The chances are that your dog was treated for roundworms when it was a puppy. Unfortunately, these internal parasites are everywhere. A pup may have dormant larvae in its system that may pass onto its young. Tapeworms are a different story. They aren’t as common, especially if you limit your pet’s outdoor activity to walks around town and have a flea prevention program.
You won’t know if your dog has contracted tapeworms, either, unless your pup has a heavy infestation. Then, you may notice that your pet is losing weight even though its appetite is normal. That’s one reason why your veterinarian will request a fecal sample at your pooch’s annual exam. We understand your concerns if your dog has tested positive. Let’s roll up our sleeves and get cleaning!
Before You Start
We’re sure that we don’t have to tell you to do a thorough job with this task. However, it’s essential to realize its significance. Dipylidium caninum is the species most likely affecting your pup. It can infect dogs and cats. If you have any other pets, you should treat them, too. The other thing you should know upfront is that humans can also get tapeworms. Rest assured that it rarely happens.
Pets typically get tapeworms if they are outdoor animals that encounter infected fleas. They may then ingest the parasites as they self-groom. Cats often contract tapeworms from the rodents they may catch. If you have a mouser living with your dog, that’s likely how it spreads. That means you’ll have to clean both inside and outside of your house.
After learning your dog has fleas, cleaning your home isn’t too different from dealing with a tapeworm issue. Timing is everything. We suggest treating your pets before or at the same time as disinfecting. That can reduce the chances of reinfection. You’ll likely have to repeat this job until your pup gets a negative test. The supplies you’ll need include the following:
Step-By-Step Guide to Cleaning Your Home
Step 1. Confirm a Positive Diagnosis
You’re most likely to notice physical evidence of the tapeworms on your dog’s hind end or in its feces. Nevertheless, we recommend you get the diagnosis confirmed by your vet. That will eliminate the possibility of your pup being infected by more than one internal parasite. That’s essential to know since the various types are often treated with different medications.
Step 2. Clean Your Dog’s Bed
If your pet has a favorite bed or blanket, you can begin there. That’s where your pup probably does a lot of self-grooming. If possible, use hot water with a small amount of bleach when tossing it in the washer. We suggest replacing items that you can’t machine wash or use at this temperature. Be sure to put the old one in a plastic bag and toss it in the trash.
Step 3. Wash Your Linens
Unfortunately, your dog can carry the tapeworms with it wherever it goes in the house. If your pup sleeps in bed with you, you’ll have to wash the bedding. Again, hot water is best to ensure that it will kill the larvae and eggs. Adding a bit of color-safe bleach will get the job done.
Step 4. Vacuum the House
Your dog likely has free run of the house. That means vacuuming every room thoroughly. Remember that your pup may have shed segments of the tapeworms any place that it goes. That includes the furniture, too. Empty the vacuum contents in a plastic bag and throw it in the garbage when you’re done.
Step 5. Steam Clean Your Carpets and Upholstery
Steam cleaning the carpets and upholstery will knock down any parasites you didn’t get with the vacuum cleaner. Fortunately, it’s an effective means to get rid of tapeworms and probably most parasites.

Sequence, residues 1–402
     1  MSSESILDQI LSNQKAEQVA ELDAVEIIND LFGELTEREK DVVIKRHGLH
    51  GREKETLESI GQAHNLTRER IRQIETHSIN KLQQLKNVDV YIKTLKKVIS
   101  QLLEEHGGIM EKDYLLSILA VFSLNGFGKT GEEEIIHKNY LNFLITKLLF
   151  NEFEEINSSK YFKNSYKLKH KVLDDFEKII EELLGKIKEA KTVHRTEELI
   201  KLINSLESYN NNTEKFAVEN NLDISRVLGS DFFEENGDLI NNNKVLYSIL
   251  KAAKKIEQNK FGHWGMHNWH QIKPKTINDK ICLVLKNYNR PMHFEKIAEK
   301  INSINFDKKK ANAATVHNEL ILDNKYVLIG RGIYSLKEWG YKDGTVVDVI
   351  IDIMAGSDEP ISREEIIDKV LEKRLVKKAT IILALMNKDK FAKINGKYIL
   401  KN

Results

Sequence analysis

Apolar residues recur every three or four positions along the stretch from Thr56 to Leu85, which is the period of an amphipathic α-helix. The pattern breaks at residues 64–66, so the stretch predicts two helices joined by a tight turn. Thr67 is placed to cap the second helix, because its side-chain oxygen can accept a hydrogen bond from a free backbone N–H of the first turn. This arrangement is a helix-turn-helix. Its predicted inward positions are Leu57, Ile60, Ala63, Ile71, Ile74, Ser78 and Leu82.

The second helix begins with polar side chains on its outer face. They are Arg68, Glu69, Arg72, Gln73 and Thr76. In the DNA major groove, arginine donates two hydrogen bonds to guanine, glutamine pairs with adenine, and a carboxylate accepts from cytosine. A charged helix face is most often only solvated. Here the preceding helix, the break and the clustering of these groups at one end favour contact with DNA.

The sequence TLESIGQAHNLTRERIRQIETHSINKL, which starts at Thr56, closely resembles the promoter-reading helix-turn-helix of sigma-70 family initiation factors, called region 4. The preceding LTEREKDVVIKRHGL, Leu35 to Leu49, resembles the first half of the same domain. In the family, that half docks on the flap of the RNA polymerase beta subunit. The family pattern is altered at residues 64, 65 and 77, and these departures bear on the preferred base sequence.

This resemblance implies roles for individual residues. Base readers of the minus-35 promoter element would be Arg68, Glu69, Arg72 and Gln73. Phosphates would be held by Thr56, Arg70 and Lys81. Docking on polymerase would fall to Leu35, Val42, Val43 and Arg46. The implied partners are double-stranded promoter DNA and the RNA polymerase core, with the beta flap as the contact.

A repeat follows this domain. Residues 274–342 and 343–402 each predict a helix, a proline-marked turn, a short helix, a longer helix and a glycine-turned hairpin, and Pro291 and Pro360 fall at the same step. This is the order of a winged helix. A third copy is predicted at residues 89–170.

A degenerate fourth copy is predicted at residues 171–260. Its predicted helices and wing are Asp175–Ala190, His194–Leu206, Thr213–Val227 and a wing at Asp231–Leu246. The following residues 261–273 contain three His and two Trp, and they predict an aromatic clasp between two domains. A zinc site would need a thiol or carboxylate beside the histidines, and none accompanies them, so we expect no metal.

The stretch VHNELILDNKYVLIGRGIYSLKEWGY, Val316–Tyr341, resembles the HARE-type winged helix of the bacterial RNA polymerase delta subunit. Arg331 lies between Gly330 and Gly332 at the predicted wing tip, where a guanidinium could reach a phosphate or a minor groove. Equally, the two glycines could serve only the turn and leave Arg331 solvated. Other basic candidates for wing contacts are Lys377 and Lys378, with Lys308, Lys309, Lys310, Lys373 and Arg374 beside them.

Step 6. Wash the Floors and Surfaces
You must also clean the floors. We suggest a mild bleach solution of 1 cup per gallon of water. You can dial it back to 1 tablespoon for more delicate surfaces. You can use the same mixture for any surfaces your dog may touch. Don’t forget to wash any throw rugs in uncarpeted rooms.
Step 7. Power Wash the Sidewalks, Paths, and Driveways
The battle goes outside next. You can use the same bleach solution to power wash areas your dog uses. It’s an excellent time to pick up any waste in the yard, making sure to dispose of it properly. You might want to consider limiting your pup’s outdoor space until your pet tests negative for tapeworms.
Step 8. Treat and Bathe Your Dog
Now, it’s time for your pet. A flea and tick shampoo will get rid of the tapeworms’ carriers. You can begin with washing your pup’s face and working toward the back. We recommend cleaning its bottom, tail, and back legs thoroughly.
Step 9. Wash Your Cleaning Clothes
Once you’ve finished with your house, you should wash the clothes you were wearing while at work. Hot water and a little bleach will take care of the tapeworms. You may even want to follow up with a shower after washing your hands.
Step 10. Rinse and Repeat
Your veterinarian will likely recommend at least one additional dose of the treatment. Luckily, the recommended medication, praziquantel, is highly effective. Your pet will also tolerate it well.
Preventing Future Problems
While tapeworms usually don’t cause serious problems, you certainly don’t want your pet to go through an infestation again. We suggest keeping your backyard clean of animal waste. You should also pick up after your dog promptly when going on walks. Luckily, some heartworm medications also treat tapeworms and can act as a preventive. It makes a strong case for using them year-round.
Cleaning your house after a positive tapeworm diagnosis is a no-brainer, especially when you consider the risk to your family. Fortunately, the condition is easily treated. Regular vet care and year-round use of heartworm meds can help ensure you and your dog don’t have to go through this ordeal again.
Featured Image Credit: Africa Studio, Shutterstock